The Policies also contain a falsity exclusion, which provides an additional basis for denying coverage. The Policies exclude coverage for an advertising injury “[a]rising out of oral or written publication of material, if done by or at the direction of the insured with knowledge of its falsity.” App. at 389, 1000. To the extent Ashley Reed's use of the Fendi logo on its handbags arguably constitutes advertising—and, again, we conclude that it does not—the falsity exclusion would be triggered, for the record is clear that Ashley Reed intentionally published the material (that is, placed the Fendi logo on its bags) with knowledge that it would be selling goods bearing a false designation of origin. See, e.g., Terk Techs. Corp., 309 A.D.2d at 31–32, 763 N.Y.S.2d 56 (holding that insurer had no duty to defend or indemnify where insured intentionally sold counterfeit goods, as insured's conduct fell within “known falsity” exclusion); A.J. Sheepskin & Leather Co. v. Colonia Ins. Co., 273 A.D.2d 107, 107, 709 N.Y.S.2d 82 (1st Dep't 2000) (holding that insurer had no duty to defend or indemnify where insured intentionally sold infringing goods, as insured's conduct fell within “known falsity” exclusion).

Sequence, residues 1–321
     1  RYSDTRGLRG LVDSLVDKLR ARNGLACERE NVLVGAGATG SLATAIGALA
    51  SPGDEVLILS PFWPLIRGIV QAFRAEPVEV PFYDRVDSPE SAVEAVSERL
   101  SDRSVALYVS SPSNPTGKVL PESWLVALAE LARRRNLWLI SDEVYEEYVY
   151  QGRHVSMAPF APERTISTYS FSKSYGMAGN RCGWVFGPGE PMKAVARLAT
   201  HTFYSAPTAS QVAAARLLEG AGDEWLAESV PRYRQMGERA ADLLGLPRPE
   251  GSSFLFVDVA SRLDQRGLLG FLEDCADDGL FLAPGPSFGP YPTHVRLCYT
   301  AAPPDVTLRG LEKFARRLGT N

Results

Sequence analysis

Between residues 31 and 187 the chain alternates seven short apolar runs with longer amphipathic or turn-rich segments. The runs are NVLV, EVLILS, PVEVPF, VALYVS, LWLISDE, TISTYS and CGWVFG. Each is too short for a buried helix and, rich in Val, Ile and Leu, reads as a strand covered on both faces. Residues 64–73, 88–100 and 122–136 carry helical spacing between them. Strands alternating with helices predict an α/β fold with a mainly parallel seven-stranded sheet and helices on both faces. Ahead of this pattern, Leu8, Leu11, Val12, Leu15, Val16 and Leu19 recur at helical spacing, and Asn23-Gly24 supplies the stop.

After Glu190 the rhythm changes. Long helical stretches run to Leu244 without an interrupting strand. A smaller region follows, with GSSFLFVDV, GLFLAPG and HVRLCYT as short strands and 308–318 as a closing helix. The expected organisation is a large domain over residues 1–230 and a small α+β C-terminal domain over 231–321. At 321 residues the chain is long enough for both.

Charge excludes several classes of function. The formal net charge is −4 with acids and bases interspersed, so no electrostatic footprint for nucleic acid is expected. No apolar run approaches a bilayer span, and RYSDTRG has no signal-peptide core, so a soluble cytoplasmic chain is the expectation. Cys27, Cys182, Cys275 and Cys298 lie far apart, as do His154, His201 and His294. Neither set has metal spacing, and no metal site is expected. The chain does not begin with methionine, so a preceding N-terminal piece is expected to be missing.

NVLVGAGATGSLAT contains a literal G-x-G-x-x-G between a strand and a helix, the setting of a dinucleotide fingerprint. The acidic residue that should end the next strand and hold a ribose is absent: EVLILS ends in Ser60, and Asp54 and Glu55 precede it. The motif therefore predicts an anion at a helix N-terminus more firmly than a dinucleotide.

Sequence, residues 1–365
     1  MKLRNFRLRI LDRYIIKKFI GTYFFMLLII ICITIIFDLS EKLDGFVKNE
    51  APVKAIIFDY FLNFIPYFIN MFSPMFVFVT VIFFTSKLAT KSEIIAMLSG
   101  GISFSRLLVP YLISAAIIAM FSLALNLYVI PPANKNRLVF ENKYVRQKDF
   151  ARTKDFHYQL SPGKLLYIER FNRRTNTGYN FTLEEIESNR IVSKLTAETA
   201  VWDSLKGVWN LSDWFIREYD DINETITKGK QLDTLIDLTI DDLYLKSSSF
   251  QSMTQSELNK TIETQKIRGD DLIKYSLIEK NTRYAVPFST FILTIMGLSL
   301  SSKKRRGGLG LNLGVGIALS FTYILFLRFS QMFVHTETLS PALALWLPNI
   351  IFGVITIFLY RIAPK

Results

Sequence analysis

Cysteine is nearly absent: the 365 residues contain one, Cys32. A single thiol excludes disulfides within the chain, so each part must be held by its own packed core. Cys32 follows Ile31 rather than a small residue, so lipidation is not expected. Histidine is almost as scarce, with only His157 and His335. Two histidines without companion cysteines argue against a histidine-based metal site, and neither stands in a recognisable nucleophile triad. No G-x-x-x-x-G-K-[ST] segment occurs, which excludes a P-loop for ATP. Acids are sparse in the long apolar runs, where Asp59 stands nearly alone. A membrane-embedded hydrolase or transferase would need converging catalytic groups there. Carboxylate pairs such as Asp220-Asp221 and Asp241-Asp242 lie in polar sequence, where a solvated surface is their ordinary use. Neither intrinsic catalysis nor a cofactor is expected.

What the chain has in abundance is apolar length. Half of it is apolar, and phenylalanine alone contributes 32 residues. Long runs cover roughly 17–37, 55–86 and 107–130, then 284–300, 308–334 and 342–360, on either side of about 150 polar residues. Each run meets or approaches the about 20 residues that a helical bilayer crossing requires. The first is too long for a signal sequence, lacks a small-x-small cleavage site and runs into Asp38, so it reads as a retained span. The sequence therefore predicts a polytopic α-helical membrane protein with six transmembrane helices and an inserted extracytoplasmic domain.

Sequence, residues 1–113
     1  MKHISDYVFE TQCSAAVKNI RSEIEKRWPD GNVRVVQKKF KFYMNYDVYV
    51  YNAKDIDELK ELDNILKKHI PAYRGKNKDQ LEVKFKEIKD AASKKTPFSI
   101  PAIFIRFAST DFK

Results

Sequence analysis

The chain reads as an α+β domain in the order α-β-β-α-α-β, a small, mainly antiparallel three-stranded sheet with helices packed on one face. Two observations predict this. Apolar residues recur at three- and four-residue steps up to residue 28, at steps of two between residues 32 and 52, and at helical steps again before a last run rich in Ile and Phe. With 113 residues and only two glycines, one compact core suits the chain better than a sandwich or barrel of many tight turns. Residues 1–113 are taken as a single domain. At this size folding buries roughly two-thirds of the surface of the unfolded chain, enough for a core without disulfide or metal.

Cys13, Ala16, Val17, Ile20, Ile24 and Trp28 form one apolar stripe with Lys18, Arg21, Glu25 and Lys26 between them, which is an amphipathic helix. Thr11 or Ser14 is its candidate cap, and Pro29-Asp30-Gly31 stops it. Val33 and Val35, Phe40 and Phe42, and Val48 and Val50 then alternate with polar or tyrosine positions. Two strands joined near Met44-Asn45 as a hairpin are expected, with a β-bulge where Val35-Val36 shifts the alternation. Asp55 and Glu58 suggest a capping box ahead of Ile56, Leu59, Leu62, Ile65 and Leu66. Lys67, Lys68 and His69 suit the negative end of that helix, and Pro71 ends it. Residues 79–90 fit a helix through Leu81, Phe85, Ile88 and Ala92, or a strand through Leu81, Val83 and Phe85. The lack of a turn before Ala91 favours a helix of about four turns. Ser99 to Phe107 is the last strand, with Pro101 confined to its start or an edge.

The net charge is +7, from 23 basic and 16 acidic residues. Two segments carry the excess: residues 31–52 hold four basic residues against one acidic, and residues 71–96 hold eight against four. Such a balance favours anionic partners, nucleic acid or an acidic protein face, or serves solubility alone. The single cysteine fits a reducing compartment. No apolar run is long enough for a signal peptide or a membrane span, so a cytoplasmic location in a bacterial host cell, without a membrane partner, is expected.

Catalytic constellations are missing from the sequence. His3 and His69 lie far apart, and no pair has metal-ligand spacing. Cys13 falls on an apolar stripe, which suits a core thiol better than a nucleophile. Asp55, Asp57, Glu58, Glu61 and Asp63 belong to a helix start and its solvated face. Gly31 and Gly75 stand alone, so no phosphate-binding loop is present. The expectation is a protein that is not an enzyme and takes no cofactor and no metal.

We conclude that the district court did not err in denying coverage.

CONCLUSION

For the foregoing reasons, the judgment of the district court is AFFIRMED.

CHIN, Circuit Judge: